In this book, the author travels to Lily Dale, New York, several times and gets to know the mediums and other residents who live and work there. She participates in the touristy activities--getting readings, going to group meetings–but she also goes behind the scenes and gets to know the characters in the town. She starts the book as a skeptic, and she basically ends as a skeptic too. But in between, she questions both her pre-conceived ideas and what she learns from the mediums.
The author presents the characters as real people that you could imagine knowing, or maybe you do know. And you really want them to be right. They even admit to faking experiences some times to play to their paying crowd, and you still want them to be right. Because what happy and magical lives they lead! What confidence they have in themselves and their own lives! How wonderful life would be if this was all true!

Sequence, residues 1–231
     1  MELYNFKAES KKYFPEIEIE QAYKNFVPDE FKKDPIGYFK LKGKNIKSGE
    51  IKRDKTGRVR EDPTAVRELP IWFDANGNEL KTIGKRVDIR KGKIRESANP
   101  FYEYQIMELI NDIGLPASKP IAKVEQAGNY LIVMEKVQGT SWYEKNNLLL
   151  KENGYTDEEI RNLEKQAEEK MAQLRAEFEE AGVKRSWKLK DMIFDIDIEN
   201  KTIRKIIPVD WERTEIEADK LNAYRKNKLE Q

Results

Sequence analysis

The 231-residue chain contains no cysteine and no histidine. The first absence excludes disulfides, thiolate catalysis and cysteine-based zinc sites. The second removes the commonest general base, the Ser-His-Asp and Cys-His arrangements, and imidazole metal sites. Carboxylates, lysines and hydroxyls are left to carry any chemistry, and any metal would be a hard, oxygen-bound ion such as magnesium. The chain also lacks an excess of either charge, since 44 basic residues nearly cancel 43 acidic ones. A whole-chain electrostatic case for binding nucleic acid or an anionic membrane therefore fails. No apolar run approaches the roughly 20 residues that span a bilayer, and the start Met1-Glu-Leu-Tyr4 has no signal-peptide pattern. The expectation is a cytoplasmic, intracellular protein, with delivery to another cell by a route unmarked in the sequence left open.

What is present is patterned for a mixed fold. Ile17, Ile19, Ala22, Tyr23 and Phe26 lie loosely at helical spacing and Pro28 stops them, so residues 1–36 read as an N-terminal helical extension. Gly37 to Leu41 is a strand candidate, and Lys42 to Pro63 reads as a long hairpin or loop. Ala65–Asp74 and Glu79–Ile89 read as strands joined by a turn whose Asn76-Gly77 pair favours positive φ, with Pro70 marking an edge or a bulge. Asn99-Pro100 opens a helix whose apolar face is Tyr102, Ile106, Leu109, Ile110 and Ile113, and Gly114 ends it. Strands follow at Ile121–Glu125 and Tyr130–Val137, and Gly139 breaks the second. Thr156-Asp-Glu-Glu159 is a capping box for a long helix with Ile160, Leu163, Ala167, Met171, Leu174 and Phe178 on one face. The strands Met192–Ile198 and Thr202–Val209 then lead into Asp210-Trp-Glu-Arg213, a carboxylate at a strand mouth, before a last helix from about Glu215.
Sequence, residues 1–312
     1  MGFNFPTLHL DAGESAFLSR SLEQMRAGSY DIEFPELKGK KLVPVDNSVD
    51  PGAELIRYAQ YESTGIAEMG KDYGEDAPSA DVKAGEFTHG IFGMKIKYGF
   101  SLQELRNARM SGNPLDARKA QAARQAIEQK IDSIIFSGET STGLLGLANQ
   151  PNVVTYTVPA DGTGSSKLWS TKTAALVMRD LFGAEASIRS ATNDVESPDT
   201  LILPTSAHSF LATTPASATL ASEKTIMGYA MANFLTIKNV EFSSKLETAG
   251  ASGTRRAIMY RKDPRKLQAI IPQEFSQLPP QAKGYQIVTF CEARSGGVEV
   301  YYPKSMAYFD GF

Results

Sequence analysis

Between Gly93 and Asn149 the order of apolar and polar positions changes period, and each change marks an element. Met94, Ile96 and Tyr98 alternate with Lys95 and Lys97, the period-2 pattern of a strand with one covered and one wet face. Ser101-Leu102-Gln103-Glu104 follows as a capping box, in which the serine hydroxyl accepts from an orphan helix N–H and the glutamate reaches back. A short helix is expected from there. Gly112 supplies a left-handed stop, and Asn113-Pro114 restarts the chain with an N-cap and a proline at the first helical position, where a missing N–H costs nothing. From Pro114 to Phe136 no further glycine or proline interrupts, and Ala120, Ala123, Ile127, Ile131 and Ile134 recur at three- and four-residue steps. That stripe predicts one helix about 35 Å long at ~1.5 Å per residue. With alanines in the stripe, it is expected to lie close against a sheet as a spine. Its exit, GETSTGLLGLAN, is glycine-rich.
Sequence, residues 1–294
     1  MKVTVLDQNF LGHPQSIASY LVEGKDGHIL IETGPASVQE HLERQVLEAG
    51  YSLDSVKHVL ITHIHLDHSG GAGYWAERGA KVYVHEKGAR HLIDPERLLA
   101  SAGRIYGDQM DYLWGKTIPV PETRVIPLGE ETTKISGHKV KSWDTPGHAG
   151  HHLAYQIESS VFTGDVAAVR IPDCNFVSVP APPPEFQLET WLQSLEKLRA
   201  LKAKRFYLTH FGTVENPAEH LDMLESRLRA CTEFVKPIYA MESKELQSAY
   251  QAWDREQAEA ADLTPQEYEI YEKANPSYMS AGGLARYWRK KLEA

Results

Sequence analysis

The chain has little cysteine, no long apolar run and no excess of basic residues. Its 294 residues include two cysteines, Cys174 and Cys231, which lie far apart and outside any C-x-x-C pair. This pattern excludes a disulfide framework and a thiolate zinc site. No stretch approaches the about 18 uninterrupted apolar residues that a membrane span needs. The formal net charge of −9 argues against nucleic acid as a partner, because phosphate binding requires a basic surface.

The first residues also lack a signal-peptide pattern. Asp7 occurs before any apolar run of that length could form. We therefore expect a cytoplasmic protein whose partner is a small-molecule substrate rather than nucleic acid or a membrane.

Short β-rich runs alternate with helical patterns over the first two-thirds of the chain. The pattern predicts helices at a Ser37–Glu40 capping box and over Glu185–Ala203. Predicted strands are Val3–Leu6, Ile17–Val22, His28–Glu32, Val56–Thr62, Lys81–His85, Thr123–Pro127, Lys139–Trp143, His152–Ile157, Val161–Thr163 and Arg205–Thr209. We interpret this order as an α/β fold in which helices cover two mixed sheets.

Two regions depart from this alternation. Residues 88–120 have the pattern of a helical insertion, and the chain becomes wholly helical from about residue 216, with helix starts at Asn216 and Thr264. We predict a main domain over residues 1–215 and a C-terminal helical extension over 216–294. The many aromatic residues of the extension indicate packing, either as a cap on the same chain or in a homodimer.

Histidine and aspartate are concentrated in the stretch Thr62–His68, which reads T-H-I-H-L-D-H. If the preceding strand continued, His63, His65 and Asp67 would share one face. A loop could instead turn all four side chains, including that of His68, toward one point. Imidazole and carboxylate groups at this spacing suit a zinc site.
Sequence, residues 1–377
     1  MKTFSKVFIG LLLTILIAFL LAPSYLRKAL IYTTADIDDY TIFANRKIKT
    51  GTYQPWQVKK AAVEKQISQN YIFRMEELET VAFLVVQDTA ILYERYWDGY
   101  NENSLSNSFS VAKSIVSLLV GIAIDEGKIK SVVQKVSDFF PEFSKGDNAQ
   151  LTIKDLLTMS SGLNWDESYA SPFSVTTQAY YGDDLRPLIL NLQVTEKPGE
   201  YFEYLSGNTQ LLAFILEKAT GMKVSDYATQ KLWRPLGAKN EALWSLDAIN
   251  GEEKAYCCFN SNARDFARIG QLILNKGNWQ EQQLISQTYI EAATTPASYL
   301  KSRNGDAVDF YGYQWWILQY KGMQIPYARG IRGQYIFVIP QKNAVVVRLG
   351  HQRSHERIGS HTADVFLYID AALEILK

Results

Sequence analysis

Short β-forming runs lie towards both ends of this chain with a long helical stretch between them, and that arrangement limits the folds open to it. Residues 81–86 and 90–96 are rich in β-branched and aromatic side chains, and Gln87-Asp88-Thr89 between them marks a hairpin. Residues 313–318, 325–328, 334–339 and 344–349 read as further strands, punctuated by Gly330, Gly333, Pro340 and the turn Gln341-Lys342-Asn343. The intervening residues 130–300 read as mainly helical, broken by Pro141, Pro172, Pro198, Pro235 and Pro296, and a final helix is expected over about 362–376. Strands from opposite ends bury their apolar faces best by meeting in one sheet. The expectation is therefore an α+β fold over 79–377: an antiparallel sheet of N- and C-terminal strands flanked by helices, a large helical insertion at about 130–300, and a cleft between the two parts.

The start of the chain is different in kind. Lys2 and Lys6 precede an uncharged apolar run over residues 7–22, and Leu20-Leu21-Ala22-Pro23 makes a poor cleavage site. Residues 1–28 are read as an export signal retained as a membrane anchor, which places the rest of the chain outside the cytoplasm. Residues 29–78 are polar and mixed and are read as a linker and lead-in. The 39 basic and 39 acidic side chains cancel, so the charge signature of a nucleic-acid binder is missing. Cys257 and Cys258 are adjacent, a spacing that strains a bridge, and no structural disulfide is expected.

As I mentioned, the author stays a skeptic, but she comes away with more questions than answers. I found this refreshing. The mediums seem to live in a grey zone between the cold hard facts of reality and the magical world of “well, maybe.” And it’s not hurting anyone--in fact, a case could be made for this kind of thinking improving a lot of lives, I think--so why not go for it? If you get a good parking spot, you acknowledge and appreciate it and thank some spiritual being for picking it out for you. And if you don’t get the good parking spot, you shrug and determine that your spiritual guide wanted you to walk farther that day for some reason that’s not yet clear to you. What’s the downside of this, especially in terms of mental and emotional health?
Probably, there are some, and the author certainly struggles with the idea that people should just do what they want to do all the time, knowing that the universe will keep everything on track. But by the end of the book, even if you don’t believe, you’re left wanting to.